The Sacramento Observer

Dental Care Should Be a Reality for Our Children

October 15, 2015

Benjamin Franklin said that an ounce of prevention is worth a pound of cure, and that doesn’t ring more true than with dental care.

Tooth decay is the most common chronic disease among children in the United States. The Centers for Disease Control and Prevention (CDC) reports that more than 40 percent of children have decay by the time they reach kindergarten.

The importance of oral hygiene doesn’t stop at decay, gum disease, and tooth loss.  It can have profound impacts on our health as research has found that the inflammation from periodontal, or gum disease can put us at a greater risk for diabetes, Alzheimer’s, and heart disease.

According to the National Center for Health Statistics, 14% of all children aged 2-8 have untreated tooth decay.  But the numbers are significantly higher for both African-American children and Hispanic children whose rates are 21% and 19% respectively. African-American children and Hispanic children have double the rate of tooth decay of white children (10%).

So, what is going on?

More than 5.1 million California children receive dental care coverage through the Denti-Cal program.  But for nearly 60% of these children, that coverage is a cruel myth.  They might as well not be covered at all because they are not receiving any form of dental care.

I have been working hard to fix this broken system by exposing the reality that too many Californians on Denti-Cal are unable to obtain dental care. In the State Assembly, I chaired a hearing on Denti-Cal in Sacramento County where a pediatric dentist described why seeing patients as charity cases was easier and less expensive than accepting their Denti-Cal. Last December, the California State Auditor reported too few dentists accepted Denti-Cal, few people on Denti-Cal received any dental care, and the state did not determine if access to dental care was adequate as required by law.  This year I asked the Little Hoover Commission to study how to fix Denti-Cal.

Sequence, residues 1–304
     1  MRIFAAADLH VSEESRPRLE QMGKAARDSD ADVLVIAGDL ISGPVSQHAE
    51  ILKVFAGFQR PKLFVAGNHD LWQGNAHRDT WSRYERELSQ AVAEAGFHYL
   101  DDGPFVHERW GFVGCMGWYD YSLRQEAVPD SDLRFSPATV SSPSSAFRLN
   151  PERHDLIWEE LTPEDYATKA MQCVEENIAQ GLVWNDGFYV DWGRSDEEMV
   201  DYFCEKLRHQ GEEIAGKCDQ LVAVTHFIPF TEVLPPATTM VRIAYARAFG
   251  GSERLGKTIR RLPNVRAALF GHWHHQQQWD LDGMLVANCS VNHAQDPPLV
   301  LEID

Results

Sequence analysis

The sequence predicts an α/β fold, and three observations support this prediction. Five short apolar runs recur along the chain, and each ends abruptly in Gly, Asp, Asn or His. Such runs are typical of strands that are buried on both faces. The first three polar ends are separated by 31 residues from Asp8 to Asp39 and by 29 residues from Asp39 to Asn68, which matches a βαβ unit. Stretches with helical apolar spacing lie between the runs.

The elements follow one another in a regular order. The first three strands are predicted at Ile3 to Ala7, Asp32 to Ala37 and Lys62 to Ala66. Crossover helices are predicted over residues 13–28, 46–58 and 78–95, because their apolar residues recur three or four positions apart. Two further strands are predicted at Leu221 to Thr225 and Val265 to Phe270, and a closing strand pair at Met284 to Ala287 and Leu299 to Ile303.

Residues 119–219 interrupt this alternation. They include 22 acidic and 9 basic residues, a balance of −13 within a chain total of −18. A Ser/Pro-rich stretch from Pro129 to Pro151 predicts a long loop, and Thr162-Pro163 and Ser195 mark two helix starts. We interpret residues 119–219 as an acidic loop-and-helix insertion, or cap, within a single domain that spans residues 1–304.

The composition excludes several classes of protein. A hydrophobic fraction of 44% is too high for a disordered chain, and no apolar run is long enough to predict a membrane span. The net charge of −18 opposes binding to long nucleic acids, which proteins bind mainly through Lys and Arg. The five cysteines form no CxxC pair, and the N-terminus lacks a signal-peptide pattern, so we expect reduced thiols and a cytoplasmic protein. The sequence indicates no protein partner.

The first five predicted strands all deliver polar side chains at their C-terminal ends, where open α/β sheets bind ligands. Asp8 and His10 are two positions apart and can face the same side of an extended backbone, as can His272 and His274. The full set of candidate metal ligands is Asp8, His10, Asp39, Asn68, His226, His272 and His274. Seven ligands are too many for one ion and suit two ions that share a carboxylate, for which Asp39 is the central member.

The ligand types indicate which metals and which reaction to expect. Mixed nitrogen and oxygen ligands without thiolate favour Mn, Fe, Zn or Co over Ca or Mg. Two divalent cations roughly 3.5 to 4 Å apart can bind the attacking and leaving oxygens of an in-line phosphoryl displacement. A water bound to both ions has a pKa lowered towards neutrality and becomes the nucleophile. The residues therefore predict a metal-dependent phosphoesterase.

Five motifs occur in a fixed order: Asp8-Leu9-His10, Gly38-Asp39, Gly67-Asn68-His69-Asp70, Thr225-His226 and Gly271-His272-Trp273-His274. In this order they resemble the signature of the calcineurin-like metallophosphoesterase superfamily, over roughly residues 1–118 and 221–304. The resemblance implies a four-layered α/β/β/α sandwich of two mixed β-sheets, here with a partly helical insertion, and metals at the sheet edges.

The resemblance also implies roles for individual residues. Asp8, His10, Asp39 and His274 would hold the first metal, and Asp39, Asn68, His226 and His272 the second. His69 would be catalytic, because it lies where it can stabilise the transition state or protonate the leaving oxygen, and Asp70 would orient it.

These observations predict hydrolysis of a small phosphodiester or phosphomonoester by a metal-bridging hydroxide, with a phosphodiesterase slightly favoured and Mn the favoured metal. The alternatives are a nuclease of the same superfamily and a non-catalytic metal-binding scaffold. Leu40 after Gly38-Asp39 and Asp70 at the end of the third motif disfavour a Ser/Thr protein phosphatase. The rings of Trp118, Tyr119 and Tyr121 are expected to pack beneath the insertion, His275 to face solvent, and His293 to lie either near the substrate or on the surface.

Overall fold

I am continuing to hold the state department administering the Denti-Cal program, the Department of Health Care Services, accountable and working to ensure the state keeps its commitments to patients who depend on Denti-Cal for their oral health.  I want to ensure that children in the Sacramento region are getting the dental care they need to stay healthy.

For help in Sacramento, please call the Sacramento County Child Health and Disability Prevention (CHDP) office at (916) 875-7151.  The CHDP Program can work with you to find a dentist and a doctor for your child, schedule an exam and offer information about other resources that you need to keep your child healthy.

For help in West Sacramento, please call the Salud Clinic at (916) 403-2900.  The Salud Clinic offers comprehensive health care services including dental care.

Please don’t hesitate to contact my office if you have any questions or need assistance. You can reach my office by phone at (916) 651-1529, or by email at

February 21, 2017

SACRAMENTO – Dr. Richard Pan, a former UC Davis faculty member and Director of the UC Davis Pediatric Residency Program, made the following statement regarding the selection of Gary May, Ph.D. as UC Davis Chancellor:

Senate Bill 267 to foster public trust in our political system by providing cost-effective oversight

February 9, 2017

SACRAMENTO – Dr. Richard Pan, a pediatrician and Senator representing the Sacramento region, announced today that he and Assemblymember Kevin McCarty have introduced a measure to allow the City of Sacramento to contract with the Fair Political Practices Commission (FPPC) to investigate and enforce the City’s campaign finance ordinance. 

SB 947 will focus staff time on moving families into the workforce and cut transportation expenses

September 29, 2016

SACRAMENTO – Senate Bill 947 to reduce red tape in the application process for the California Work Opportunity and Responsibility to Kids (CalWORKs) program was signed by the Governor today. 

Since 2009, applicants for the CalFresh program, which offers food to families in need, have had the opportunity to be interviewed over the telephone.  Conversely, applicants for the CalWORKs program must be interviewed in-person, even in counties that would rather conduct interviews over the phone to improve efficiencies and better utilize limited staff time.